In the song あの夢をなぞって (Ano Yume o Nazotte), the third line is
The translations to English give this as some variation of
In that soundless world with only two of us, the words I heard were "I like you"
Which parses the sentence like: (音の無い) (二人だけの世界), which I completely agree with. However, (音の無い二人)だけの世界 also seems possible to me.
The main question is: is there a concrete grammatical reason why 二人だけの世界 is modified as a whole unit, if so what is it?
I also wonder could one rewrite it so that 音の無い naturally applies to just 二人 in stead of the entire phrase?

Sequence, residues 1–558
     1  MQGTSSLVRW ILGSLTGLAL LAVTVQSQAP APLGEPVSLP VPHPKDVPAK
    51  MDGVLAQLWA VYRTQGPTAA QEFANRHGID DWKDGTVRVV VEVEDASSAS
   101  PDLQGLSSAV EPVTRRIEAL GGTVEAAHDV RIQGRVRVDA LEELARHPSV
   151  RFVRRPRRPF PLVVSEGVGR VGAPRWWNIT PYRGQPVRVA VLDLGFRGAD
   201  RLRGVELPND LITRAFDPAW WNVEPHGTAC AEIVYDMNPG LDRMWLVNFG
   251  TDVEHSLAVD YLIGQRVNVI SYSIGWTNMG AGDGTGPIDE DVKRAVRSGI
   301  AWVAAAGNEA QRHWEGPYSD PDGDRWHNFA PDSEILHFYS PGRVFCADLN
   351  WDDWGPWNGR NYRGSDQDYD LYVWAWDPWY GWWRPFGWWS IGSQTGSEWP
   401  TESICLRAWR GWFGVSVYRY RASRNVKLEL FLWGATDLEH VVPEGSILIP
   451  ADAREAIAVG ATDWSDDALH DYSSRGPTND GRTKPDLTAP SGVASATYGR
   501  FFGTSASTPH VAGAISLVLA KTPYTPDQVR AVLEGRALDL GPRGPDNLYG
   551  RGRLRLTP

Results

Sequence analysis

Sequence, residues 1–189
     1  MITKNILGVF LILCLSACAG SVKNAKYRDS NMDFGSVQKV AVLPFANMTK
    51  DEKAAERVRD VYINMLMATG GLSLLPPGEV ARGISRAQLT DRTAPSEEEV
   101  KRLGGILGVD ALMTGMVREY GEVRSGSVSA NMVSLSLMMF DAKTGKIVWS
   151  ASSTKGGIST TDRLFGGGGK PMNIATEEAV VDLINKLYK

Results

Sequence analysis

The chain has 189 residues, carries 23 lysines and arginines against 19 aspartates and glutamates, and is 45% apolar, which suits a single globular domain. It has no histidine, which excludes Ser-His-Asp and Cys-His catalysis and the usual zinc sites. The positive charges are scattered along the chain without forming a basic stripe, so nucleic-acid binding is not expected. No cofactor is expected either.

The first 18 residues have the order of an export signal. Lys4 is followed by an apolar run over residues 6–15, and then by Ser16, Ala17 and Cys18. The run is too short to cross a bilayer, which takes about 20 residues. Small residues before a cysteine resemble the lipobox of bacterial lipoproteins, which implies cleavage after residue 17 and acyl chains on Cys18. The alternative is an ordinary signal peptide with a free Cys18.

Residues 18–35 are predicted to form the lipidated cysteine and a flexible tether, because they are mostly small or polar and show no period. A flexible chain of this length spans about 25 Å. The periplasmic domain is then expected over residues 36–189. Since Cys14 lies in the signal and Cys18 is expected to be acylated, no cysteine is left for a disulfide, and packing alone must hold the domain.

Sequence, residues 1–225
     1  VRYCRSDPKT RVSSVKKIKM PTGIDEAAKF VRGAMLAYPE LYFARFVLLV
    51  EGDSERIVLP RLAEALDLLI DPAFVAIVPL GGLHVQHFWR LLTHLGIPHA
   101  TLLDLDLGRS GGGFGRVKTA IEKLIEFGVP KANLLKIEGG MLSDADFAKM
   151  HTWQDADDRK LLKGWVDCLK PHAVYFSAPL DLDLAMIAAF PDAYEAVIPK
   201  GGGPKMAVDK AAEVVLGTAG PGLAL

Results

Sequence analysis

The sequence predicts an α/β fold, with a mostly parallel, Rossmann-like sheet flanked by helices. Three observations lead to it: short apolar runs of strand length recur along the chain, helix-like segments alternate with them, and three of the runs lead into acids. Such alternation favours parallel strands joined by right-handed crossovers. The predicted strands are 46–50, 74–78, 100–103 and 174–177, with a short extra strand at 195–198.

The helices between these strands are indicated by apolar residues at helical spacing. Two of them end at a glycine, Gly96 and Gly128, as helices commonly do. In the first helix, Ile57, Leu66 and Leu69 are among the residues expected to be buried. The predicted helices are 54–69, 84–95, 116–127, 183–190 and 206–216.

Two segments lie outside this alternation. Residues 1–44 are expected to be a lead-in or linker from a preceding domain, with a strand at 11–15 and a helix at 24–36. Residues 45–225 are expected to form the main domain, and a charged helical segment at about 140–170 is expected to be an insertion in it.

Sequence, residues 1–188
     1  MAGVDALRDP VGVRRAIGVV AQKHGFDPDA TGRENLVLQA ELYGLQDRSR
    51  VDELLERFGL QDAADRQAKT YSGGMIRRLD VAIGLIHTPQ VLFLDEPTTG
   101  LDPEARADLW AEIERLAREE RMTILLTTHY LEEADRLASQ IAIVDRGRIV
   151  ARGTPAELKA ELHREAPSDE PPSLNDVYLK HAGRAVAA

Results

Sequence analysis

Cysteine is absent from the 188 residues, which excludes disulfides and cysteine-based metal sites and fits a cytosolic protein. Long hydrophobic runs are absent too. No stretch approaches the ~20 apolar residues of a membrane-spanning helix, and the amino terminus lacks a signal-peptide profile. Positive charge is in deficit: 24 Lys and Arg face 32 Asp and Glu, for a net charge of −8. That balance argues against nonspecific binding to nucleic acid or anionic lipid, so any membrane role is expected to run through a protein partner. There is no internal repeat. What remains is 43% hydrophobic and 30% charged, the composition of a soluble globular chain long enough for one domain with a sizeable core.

So far, my thoughts on the subject:
- Is there some precedence given to the possessive の, for example you tend to (or must?) group things with の before applying adjectives ?
- 二人だけの世界 is a relatively common "set phrase" and it feels unnatural to me to break it up in this way. Could that be the only reason? Is that even a valid reason?
- Is the particle だけ somehow responsible?
- According to this answer, as well as other people I've heard online, Japanese modifiers tend to modify "As little as possible" and "As close as possible" which in this case appears contrary to the actual sentence.